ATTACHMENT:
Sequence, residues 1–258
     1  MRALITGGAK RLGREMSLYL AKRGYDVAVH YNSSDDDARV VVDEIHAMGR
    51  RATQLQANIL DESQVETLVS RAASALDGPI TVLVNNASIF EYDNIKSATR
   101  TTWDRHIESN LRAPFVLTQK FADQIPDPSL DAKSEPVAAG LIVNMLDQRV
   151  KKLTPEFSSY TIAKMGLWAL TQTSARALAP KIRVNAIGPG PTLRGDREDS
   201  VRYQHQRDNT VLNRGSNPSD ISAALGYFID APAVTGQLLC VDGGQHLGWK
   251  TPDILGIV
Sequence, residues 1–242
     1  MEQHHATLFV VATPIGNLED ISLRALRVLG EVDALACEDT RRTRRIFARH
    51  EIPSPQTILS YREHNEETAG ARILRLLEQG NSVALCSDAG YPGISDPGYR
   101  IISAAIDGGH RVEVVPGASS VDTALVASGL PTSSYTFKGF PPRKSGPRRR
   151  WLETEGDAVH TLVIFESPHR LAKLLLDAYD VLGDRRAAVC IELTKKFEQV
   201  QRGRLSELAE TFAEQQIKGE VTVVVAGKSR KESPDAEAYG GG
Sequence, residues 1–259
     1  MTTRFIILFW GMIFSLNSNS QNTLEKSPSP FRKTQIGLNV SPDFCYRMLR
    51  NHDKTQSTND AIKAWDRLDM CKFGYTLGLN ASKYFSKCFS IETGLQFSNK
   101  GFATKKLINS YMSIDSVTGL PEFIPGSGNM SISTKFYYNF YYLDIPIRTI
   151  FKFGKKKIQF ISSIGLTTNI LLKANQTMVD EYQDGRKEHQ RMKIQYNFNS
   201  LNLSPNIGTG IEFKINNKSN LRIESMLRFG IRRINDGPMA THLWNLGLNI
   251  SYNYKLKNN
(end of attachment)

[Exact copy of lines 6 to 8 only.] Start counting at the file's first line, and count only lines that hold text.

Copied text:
   201  VRYQHQRDNT VLNRGSNPSD ISAALGYFID APAVTGQLLC VDGGQHLGWK
   251  TPDILGIV
Sequence, residues 1–242